Sunday, January 8, 2017

Class III Milk Price Hits Two Year High

On January 5, December Class and Component Prices were announced.  The Class III price set a two-year record high at $17.40/cwt.  Prices of all commodities used to calculate component prices were up.  Other Solids made a jump to $.21/lb.  While this price is still well below early 2015 prices,  it is the best price in the last 18 months.  Demand for butter continues to outstrip production, requiring imports to make up the shortfall.  While the price of milk protein dropped (the only red on the dashboard chart below), it was only because of the major increase in the price of butter.  See this prior post for a review of this relationship.

Even with the significant increase in the price of butter, and therefore butterfat, the price of milk protein still stayed above the price for butterfat.  Milk protein received a price of $2.69/lb. while butterfat received a price of $2.34/lb.  In December, milk protein and butterfat contributed equally to the Class III price.

Inventories of cheese, butter, NDM and dry whey were all at reasonable levels.   The data shown below is for the end of November, the most recent inventory data available.  If those inventories continue to hold when December data is released, the year of 2017 should have a strong start with inventories in line, international milk production down, and rising domestic dairy prices.

Production is also well balanced with no excess production in the major commodities used for pricing milk components.  On each of the four charts below, production is down from the prior month.  After seeing some expansion in butter production in the first half of 2016, production has fallen below prior year levels in the second half of the year.  Production is now running at the same level as 2012 through 2014.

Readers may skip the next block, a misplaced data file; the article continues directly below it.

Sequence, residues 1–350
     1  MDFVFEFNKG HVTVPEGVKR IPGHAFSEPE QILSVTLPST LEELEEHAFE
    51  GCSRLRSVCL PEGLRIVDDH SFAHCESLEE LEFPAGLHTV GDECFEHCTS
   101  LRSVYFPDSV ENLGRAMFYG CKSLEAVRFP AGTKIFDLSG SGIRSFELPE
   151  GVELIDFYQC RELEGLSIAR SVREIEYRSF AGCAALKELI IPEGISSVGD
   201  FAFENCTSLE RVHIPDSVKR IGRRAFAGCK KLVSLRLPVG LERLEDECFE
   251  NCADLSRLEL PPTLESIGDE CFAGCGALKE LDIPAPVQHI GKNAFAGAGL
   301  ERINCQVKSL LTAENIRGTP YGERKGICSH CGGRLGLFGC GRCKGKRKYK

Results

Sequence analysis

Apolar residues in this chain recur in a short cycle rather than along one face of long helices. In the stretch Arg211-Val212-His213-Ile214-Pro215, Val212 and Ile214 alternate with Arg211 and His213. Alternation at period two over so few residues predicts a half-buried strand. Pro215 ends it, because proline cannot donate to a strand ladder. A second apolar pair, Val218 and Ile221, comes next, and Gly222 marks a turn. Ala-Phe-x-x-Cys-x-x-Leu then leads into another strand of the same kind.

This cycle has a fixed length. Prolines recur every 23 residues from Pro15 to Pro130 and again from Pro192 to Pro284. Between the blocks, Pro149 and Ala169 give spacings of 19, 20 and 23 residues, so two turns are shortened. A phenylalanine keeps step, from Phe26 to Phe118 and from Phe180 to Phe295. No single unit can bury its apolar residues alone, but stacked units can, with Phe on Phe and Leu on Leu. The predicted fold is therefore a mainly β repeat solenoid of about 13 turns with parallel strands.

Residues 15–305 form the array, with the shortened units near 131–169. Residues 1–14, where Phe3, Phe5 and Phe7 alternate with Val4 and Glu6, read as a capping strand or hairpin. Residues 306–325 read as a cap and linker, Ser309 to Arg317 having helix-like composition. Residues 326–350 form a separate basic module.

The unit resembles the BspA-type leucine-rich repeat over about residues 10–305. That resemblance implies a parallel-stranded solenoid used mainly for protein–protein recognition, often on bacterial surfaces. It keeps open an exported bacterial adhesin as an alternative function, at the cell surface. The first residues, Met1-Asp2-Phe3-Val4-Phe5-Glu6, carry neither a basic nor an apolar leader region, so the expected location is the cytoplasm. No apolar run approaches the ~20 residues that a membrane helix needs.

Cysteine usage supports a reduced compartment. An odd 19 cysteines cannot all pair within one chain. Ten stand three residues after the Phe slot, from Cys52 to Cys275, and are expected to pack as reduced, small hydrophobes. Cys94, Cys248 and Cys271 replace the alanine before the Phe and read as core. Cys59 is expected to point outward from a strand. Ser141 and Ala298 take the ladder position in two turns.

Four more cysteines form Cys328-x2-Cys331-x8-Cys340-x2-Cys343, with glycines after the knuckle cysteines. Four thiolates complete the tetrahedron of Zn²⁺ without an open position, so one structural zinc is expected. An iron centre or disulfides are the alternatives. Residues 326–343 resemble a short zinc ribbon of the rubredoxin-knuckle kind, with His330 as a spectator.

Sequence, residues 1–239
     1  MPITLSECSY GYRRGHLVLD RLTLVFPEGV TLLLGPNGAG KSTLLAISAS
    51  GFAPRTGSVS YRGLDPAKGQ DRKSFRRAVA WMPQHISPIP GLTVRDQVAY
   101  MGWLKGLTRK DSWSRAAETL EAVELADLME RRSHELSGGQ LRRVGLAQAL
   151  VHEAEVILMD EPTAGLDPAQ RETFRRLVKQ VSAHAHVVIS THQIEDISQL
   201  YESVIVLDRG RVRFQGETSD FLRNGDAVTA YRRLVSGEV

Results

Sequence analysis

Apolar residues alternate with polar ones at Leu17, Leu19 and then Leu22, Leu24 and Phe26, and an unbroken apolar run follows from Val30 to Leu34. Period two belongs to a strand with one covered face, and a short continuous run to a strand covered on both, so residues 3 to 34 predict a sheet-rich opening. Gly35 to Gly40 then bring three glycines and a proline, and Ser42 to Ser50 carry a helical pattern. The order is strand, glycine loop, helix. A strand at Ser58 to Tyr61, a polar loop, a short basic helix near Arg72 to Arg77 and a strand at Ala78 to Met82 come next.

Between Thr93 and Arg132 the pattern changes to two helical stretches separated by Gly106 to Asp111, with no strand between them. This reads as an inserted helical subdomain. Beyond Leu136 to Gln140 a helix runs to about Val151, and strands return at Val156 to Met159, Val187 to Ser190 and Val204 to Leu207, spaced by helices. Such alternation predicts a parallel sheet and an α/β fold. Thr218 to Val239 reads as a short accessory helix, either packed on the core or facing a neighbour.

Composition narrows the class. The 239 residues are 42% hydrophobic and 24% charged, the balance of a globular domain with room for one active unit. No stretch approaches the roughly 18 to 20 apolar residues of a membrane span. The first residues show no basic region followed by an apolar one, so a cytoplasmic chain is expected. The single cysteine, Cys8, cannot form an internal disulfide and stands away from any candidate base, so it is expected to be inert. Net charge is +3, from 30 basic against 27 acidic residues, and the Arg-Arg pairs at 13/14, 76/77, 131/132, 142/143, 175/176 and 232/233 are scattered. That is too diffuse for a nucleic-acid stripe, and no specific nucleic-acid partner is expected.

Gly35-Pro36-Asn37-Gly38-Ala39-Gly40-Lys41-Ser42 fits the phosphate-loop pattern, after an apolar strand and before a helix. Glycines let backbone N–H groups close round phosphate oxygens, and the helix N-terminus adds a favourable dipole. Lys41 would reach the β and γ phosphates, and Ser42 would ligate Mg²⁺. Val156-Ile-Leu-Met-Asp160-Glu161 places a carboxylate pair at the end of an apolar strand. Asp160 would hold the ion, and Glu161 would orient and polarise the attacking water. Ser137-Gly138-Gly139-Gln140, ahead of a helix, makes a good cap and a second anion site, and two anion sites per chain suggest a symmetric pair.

Butter prices remain very high.  International butter prices have risen significantly, but the U.S. prices remain the highest prices in the world with roughly a 10% premium over the international markets.  In the next post, imports and exports will be reviewed, but it seems certain that butter exports will remain near zero.  With tight supplies and high prices, exporting butter is very tough.

Cheese prices are the highest in two years and competitively priced compared to the international markets.  However, compared to historical prices, the price of cheese is nowhere near record levels.  There is definitely room for growth in cheese prices which could lead to increased milk protein prices in 2017.

The price of NDM, while up, is still low compared to historical prices.  The U.S. is priced competitively with the international prices and has been able to move significant volume.  There is also room here for price improvement in 2017.  Because so much NDM/SMP is exported, the domestic U.S. price is very dependent on the international price.

As full year 2016 data becomes available, a full analysis will be made on this blog.  That will probably not take place until February.  However, looking forward, there are important changes that could take place in the U.S. dairy landscape.  One of the big ones is the possible transition of California to a Federal Milk Marketing Order.  This could put California on a more level playing field with other parts of the U.S. and stimulate both domestic dairy growth and international dairy growth.  More on this in an upcoming post.

1 comment:

  1. Hi guys,
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